Southern California renters have an edge over home buyers

A single-family home on the market in Hollywood. For renters, the monthly cost of such homes has declined.
(Damian Dovarganes / Associated Press)

Why buy when you can rent?

With a frenzied housing market shutting out would-be buyers all over Southern California, sending that check to the landlord is looking smarter every day.

The rental market provides a stark contrast to the red-hot housing recovery. In Los Angeles County, apartment rents have risen only slowly, with an expanding supply of rentals holding down prices. In downtown Los Angeles, an apartment building boom has even driven rents down by 5% over the last year, to an average of $1,990 in the second quarter.

Rents also declined in the single-family home market, where an influx of cash investors is driving up prices for home buyers. These new investors, including some cash-rich Wall Street firms, have scooped up properties to hold and rent.


Erin Keegan and her fiance decided to keep renting after losing bidding wars on a home — twice.

The couple, who rent a small house in West Adams, lost out to an investor when they tried to purchase a two-bedroom Victorian last summer. This year, after the home was rehabbed and relisted for sale, their second offer couldn’t compete with a buyer paying $56,000 more than the asking price.

“I just couldn’t believe it sold for that much,” Keegan said. “That was definitely the nail in the coffin.”

In comparison, the rental market seems sane.

The tide of investors is boxing out prospective buyers but creating new opportunities for renters. The median rent for single-family homes in L.A. County fell 4.1% last quarter compared with the same period last year, according to real estate website Trulia. Contrast that with the county’s 29% year-over-year median home price gain in July.

The diverging paths of the rental and buyer markets are an anomaly — they’ve risen in tandem for most of the last century. But the housing bubble, crash and subsequent recovery have exerted starkly different economic forces on the rental and home markets.

The sharp rise in home values and interest rates has made buying less of a sure bet in some neighborhoods, including Westwood, Culver City and the Miracle Mile, said Richard Green, director of USC’s Lusk Center for Real Estate.


“A year ago, it was an easy call to buy” over renting, he said. “Now it’s sort of a pick ‘em call.”

In the second quarter, average rents for Los Angeles County apartments reached $1,652 a month, basically flat from the prior three months and a 2.2% increase over last year, according to a report from commercial real estate brokerage Marcus & Millichap. That yearly increase mirrors wage and income growth in the region.

Renters simply have more options in the market. L.A. County is currently in the first year of a two-year apartment-building boom, according to the report, which predicts builders will finish 6,000 units this year, about twice as many as last year.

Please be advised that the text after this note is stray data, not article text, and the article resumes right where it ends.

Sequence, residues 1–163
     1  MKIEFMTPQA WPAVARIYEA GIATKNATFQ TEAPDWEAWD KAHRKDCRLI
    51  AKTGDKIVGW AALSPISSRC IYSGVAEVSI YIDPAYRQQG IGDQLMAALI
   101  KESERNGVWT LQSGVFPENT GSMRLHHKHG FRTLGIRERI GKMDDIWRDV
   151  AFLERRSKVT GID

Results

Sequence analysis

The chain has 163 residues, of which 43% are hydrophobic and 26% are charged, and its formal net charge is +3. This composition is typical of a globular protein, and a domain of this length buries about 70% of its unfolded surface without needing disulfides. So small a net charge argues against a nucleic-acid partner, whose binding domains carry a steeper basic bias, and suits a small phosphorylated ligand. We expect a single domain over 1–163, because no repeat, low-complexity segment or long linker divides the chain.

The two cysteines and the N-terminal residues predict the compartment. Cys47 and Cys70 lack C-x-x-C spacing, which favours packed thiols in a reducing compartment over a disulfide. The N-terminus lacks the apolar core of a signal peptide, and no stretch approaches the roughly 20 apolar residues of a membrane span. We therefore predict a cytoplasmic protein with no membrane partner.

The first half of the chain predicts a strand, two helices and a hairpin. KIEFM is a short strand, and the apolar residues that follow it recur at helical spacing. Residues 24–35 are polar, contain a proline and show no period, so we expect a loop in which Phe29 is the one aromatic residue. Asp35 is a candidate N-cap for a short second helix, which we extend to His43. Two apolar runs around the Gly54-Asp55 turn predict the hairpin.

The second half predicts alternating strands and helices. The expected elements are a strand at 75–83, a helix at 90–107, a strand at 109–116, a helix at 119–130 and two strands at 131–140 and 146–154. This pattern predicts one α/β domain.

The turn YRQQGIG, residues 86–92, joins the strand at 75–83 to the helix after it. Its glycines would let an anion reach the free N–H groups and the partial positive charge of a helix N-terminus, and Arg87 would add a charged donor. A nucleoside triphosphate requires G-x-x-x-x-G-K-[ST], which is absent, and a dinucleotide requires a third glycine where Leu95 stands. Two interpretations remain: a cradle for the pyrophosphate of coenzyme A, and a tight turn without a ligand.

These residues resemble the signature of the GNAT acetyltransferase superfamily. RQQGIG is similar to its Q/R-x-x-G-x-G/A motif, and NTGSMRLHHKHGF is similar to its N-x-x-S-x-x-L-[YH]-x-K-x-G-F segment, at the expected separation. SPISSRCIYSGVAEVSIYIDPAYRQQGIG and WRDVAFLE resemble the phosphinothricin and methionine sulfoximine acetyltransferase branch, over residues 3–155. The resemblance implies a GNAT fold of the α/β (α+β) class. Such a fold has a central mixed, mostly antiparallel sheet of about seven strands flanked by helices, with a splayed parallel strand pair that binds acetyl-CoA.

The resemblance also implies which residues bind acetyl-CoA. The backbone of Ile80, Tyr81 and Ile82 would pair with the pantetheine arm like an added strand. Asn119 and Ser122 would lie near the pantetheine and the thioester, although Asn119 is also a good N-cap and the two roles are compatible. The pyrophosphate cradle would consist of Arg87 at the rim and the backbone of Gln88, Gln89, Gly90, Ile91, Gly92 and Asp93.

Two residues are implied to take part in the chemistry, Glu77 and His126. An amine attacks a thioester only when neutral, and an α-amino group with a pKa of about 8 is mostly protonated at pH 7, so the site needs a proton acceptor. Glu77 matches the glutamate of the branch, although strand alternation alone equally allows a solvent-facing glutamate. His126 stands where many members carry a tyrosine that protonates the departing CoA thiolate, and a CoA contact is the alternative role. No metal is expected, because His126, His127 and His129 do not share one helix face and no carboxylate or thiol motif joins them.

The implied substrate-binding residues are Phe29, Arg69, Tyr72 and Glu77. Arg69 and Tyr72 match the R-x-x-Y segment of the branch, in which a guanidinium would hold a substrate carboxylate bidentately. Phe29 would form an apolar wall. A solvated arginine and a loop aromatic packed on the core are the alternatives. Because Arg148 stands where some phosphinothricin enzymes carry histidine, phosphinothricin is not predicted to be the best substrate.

Demographics are driving the building. A large population of young adults, who tend to favor apartment living, has spurred builders to break ground. The younger generation is also putting off major life events, such as marriage and children, that often spur home purchases, said Annie Gerard, principal with Apt Market Research.

“We have this perfect storm of people the appropriate age for apartments,” she said.

For most of the last century, home prices and rents tended to rise in line with inflation, according to research from Dean Baker, co-director of the Center for Economic and Policy Research. Starting in 1995, Americans increasingly saw their homes as an investment tool, which drove up home prices faster than rents, he said.

But after the housing bubble popped, home prices fell hard. Rents declined as well, but not as much. And rents started rising again as more renters entered the market when they lost their homes to foreclosure. In 2011, apartment rents climbed 6.2% in L.A. County because of the new demand, along with a slowdown in the construction of new units.

Now, the growth in rent prices has moderated as home prices have soared.

Sarah Vandenbusch, 43, has lived in the same junior one-bedroom in Burbank for 15 years. Since she moved in, the story producer for reality TV shows said her rent had increased about $10 to $20 each year. But not recently.


“The past two years it didn’t go up,” she said. “I am riding it nicely at $690.”

In general, most people who plan to live in their homes at least five years may still be better off buying, Baker said.

Real estate agent Brittany Walter, who specializes in northeastern Los Angeles, has seen about 1 in 6 of her clients abandon their home search in the last year. They resolved to rent after a frustrating search for a home — something Walter advises against, because she believes home prices will only rise further.

Her clients tell her: “We will just take a break for another year and see the market slow down.”

Some signs of a slowdown are emerging as the number of homes on the market increases. The median home price in Southern California remained flat from June to July, at $385,000, according to DataQuick, though experts caution against viewing one month of data as a trend.

For those who can find the right home in a tight market, buying can make more sense than renting, according to the website Trulia. The buyer of an L.A. County home between April and June would save 26% over renting a similar property — if they lived in the home for seven years, then sold it, a Trulia analysis concluded. But the buyer’s advantage has contracted sharply in recent months.

Keegan and her fiance, who lost out on buying the same house twice, plan to stay in their one-bedroom home, where rent hasn’t increased in five years. “When I feel that mania coming,” she said, “I don’t want anything to do with it.”